No harm. No foul.

As for Obama, I'm sure he hears the rhetoric and juxtaposes that to the situation in the Middle East and well, harm and foul is all he sees.

Follow us on Twitter: @CNNOpinion

Join us at Facebook/CNNOpinion

The opinions expressed in this commentary are solely those of LZ Granderson.

ADVERTISEMENT
Part of complete coverage on
Iran: Mounting tensions
updated 9:03 AM EDT, Fri April 13, 2012
Two months ago, Emad Ghavidel turned on the television in Tehran and saw graphic footage of an injured Syrian child crying out in pain.
updated 9:38 AM EST, Fri March 9, 2012
Iran's biggest customers are responding to increasing pressure to cut imports from Tehran.
updated 5:44 PM EST, Thu March 8, 2012
Faced with mounting pressure from world powers over its controversial nuclear program, Iran's ambassador to the IAEA says this country "is ready to re-engage with (the) IAEA."
updated 4:52 PM EST, Tue March 6, 2012
Republican presidential hopefuls and U.S. President Barack Obama trade barbs over Iran.
updated 9:56 AM EST, Fri March 9, 2012
Why is the international community suspicious of Iran's nuclear program? CNN's Hala Gorani reports.
updated 5:05 PM EST, Fri March 9, 2012
President Barack Obama's rebuke of Republicans who are "beating the drums of war" for military action against Iran should also be directed at Israel, Asher Kaufman says.
updated 12:51 PM EST, Thu March 8, 2012
Opinion: The only way war with Iran may be avoided is if the country believes an attack from the West is a real possibility, Frida Ghitis says.
updated 9:30 AM EDT, Mon March 19, 2012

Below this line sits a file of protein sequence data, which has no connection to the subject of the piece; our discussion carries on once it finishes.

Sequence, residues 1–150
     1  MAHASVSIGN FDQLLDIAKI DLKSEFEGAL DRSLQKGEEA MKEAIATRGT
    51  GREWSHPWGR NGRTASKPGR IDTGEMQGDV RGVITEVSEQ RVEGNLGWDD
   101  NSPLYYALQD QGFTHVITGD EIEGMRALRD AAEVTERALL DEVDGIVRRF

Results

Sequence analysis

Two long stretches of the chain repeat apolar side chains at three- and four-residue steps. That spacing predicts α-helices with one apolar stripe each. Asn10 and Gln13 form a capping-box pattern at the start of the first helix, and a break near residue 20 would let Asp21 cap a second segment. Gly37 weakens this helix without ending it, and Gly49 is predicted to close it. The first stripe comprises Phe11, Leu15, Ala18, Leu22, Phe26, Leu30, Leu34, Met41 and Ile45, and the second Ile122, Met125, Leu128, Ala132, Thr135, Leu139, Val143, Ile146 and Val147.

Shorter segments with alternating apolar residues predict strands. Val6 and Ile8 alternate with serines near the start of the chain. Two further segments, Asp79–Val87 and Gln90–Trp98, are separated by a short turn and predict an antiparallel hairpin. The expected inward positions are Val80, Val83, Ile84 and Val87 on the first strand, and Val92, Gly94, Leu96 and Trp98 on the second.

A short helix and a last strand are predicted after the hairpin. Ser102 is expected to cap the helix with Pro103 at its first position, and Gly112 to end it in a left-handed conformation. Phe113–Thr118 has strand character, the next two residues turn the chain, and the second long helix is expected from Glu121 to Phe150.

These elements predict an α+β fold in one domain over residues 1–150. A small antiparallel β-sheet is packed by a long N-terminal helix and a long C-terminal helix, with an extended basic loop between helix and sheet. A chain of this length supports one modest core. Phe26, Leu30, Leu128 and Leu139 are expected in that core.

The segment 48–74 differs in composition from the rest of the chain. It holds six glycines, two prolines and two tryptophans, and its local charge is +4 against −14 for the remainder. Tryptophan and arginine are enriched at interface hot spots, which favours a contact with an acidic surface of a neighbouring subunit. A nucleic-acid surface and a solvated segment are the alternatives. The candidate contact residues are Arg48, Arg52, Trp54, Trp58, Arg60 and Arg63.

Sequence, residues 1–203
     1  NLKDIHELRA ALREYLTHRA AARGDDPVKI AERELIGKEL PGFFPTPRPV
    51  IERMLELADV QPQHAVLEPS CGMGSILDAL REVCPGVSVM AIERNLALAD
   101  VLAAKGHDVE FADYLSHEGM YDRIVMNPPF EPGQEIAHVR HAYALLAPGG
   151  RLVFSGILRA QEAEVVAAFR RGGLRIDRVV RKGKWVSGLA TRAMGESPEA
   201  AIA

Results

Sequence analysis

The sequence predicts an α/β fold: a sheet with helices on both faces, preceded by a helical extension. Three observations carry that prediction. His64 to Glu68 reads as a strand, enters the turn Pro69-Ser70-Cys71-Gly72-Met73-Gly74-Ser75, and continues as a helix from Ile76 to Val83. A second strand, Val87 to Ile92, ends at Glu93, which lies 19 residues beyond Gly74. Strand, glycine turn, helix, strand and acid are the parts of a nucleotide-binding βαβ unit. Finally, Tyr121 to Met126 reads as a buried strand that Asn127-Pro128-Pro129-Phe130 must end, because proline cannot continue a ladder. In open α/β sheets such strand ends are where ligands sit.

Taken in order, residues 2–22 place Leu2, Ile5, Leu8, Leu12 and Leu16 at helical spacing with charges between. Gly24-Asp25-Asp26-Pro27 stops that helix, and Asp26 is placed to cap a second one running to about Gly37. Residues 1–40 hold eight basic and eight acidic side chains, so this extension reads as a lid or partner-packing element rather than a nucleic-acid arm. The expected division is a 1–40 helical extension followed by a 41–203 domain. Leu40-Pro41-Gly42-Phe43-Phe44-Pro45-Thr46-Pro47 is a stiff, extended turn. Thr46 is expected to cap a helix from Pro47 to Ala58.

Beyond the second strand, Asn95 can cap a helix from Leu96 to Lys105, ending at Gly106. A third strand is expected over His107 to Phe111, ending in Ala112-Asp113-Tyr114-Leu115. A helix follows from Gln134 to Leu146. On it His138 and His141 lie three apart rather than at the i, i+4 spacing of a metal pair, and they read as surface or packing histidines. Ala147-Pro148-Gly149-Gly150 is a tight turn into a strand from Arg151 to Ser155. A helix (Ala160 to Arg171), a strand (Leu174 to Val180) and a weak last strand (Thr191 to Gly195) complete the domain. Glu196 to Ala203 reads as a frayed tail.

Iran's controversial nuclear program began more than 50 years ago with aid from the West.
updated 11:39 AM EST, Thu March 8, 2012
(file photo) Ayatollah Ali Khamenei has criticized Barack Obama's threat to impose more sanctions on Iran.
Recent remarks by U.S. President Barack Obama that he is not thinking of military action against Iran are positive, according to Iran's supreme leader, Iran's state-run Press TV reported.
updated 5:31 PM EST, Mon March 5, 2012
CNN's Matthew Chance reports U.N. inspectors have "credible information" that Iran may be developing a nuclear device.
updated 2:31 PM EST, Tue March 6, 2012
LZ Granderson looks at the effect of Mahmoud Ahmadinejad and his nuclear weapons "game."
updated 11:22 AM EST, Fri March 9, 2012
A threatened Israeli attack on Iran's nuclear program carries enormous risks for the Jewish state, including international isolation, retaliation at home and abroad, and steep economic costs.
updated 3:36 PM EST, Tue March 6, 2012
Erin Burnett breaks down the mixed messages between Israel and the U.S. on Iran.
updated 1:34 PM EST, Tue March 6, 2012
Israeli President Shimon Peres discusses his concerns about Iran.
ADVERTISEMENT
ADVERTISEMENT
ADVERTISEMENT
ADVERTISEMENT